Sonia Hickey

About Sonia Hickey

Sonia Hickey is a freelance writer, magazine journalist and owner of “Woman with Words”. She has a strong interest in social justice and is a member of the Sydney Criminal Lawyers content team.

Police farce: Despite their misconduct making headlines, officers stay on the job

Last week, police in two states made headlines with their awful behaviour. Yet, none of the officers involved have been stood down. 

 

 

Our police officers are increasingly acting as ‘a law unto themselves’ with an ever-increasing number of reports emerging of officers engaging in serious misconduct.

 

Bullies in uniforms

A recent inquiry by the Law Enforcement Conduct Commission (LECC) has found that two officers racially abused two Afghan women they stopped on suspicion of not wearing their seatbelts in Western Sydney earlier this year.

The LECC has released its final report into the incident, as well as the video footage taken from police body cameras worn by officers at the time.

The footage shows one officer telling the driver she is “the most stupidest (sic) person I’ve met as the driver of a motor vehicle”. He then demands that the driver, as well as her passenger to produce identification, in circumstances where the officer has no power whatsoever to demand the passenger’s identification.

When the officer is told the older woman recently arrived on a temporary visa, the officer threatens to put her in prison.

At times, the two women appear confused and after asking what’s happening, the officer says: “Don’t argue with me love or you’ll be going back in the paddy wagon as (an) accessory to bloody murder.”

 

 

Threats and intimidation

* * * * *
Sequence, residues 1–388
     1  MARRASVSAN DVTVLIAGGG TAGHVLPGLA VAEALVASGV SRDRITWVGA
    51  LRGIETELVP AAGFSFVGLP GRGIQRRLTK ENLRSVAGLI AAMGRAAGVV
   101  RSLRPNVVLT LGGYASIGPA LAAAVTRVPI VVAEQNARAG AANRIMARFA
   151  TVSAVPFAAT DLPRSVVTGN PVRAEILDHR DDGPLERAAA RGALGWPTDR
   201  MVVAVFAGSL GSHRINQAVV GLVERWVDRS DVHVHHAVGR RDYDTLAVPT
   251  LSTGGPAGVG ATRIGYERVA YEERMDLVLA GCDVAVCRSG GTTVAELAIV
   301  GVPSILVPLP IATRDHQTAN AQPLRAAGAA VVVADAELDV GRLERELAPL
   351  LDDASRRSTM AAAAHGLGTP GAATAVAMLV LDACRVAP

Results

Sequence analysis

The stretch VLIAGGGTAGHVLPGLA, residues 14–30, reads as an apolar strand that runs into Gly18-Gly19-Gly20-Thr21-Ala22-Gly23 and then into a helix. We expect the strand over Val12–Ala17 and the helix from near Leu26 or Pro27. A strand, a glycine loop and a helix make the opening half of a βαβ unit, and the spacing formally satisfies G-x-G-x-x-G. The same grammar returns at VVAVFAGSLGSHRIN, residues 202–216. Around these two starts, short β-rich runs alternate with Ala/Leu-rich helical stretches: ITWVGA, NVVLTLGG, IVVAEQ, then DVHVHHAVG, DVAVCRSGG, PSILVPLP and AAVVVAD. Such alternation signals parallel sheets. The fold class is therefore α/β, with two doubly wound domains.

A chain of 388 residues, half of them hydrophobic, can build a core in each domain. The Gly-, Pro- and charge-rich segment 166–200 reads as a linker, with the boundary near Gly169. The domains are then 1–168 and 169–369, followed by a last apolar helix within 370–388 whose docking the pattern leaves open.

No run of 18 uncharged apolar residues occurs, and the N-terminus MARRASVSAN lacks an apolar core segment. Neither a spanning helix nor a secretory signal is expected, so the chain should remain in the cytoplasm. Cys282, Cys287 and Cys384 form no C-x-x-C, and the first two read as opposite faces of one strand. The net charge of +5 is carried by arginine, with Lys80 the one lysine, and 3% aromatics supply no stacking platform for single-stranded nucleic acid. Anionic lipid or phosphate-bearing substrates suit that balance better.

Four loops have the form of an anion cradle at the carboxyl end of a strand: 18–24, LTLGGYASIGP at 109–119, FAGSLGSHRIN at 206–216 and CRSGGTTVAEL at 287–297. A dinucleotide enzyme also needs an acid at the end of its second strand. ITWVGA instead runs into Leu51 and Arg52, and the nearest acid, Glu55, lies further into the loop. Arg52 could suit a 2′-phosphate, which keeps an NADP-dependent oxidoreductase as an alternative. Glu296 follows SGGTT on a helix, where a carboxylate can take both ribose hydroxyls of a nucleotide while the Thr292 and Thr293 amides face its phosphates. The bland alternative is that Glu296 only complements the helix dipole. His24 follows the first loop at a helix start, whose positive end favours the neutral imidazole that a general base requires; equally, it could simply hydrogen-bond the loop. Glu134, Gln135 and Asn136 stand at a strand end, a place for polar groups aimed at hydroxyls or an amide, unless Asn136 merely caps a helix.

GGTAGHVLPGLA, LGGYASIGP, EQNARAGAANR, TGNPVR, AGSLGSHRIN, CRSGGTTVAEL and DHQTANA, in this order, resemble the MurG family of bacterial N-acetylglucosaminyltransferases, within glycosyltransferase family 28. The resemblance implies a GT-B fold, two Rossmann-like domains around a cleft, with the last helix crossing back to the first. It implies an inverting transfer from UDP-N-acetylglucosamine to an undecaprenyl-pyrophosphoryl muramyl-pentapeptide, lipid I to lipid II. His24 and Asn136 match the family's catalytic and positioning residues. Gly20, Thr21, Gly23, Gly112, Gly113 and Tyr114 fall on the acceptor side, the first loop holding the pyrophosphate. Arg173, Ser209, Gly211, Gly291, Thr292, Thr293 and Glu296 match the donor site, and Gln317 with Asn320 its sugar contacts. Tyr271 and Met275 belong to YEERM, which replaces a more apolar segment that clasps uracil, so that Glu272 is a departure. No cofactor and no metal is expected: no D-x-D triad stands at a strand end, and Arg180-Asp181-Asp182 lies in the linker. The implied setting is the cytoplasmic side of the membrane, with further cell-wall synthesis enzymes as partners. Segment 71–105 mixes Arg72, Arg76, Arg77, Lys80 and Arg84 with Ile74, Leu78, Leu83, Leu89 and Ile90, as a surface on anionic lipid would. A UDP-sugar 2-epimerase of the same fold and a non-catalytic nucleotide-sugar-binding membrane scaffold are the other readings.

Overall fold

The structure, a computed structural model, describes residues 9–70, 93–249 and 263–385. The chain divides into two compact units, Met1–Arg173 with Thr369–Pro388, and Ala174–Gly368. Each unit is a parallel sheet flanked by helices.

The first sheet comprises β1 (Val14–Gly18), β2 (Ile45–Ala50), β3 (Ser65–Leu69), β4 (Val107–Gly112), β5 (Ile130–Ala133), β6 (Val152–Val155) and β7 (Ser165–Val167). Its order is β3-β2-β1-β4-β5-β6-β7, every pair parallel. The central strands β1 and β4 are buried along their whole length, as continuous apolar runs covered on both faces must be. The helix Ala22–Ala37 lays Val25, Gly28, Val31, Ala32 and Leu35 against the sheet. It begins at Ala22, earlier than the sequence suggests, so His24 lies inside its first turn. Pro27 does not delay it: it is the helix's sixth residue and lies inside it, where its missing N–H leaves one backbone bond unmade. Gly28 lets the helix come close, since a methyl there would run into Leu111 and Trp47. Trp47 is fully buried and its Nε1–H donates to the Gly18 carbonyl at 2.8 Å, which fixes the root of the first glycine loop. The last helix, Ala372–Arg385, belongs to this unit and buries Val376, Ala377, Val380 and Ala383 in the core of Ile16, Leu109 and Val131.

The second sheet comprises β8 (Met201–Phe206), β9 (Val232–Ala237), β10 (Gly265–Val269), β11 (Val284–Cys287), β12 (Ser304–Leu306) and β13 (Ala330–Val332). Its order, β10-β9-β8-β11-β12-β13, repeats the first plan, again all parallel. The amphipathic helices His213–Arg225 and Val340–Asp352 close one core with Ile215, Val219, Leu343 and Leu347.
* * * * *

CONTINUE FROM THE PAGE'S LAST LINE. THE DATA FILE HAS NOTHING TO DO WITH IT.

The LECC ultimately determined that the first officer had used “intimidating and abusive language” towards the women and deliberately “bullied and frightened them”.

The watchdog further found that the officer’s conduct was “partially motivated by, and exhibited racial prejudice”.

The second officer was also found to have engaged in misconduct, with the Commission concluding he had “sought to intimidate” the driver by aggressively asking her religion and “making baseless threats” to both women about being taken into custody or immigration detention.

News reports have said officer one may be the controversial police officer ‘Raptor 13’ (his real name is Andrew Murphy) who was accused of inappropriately dealing with members of the public by harassing and bullying. This is partially based on the label ‘Raptor’ on one of the officers’ uniforms, and by the first officer’s voice.

However, the LECC has so far declined to name the officers.

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Another contemporary example would be the Victorian police officer obfuscating his bodycam with a sticker reading “EAD Hippy” during last week’s climate protests in Melbourne.

 

 

“EAD” tritely stands for “Eat a dick”. The officer has since earned a swift rebuke, but yet further action is yet to be determined. “We have identified the police officer who was photographed at this week’s protest with a comment on his body-worn camera and can confirm the image is real…we are still working to ascertain how and why this comment was on his camera.” Victoria Police said in a statement late on Friday.

At the same demonstration, another officer emerged on Twitter allegedly flashing a white power hand signal. “We have spoken to the officer and have confirmed he was signalling ‘are you okay’ to two protestors who were caught in a large crowd looking unwell,” Victoria Police later said in an emailed statement to True Crime News Weekly.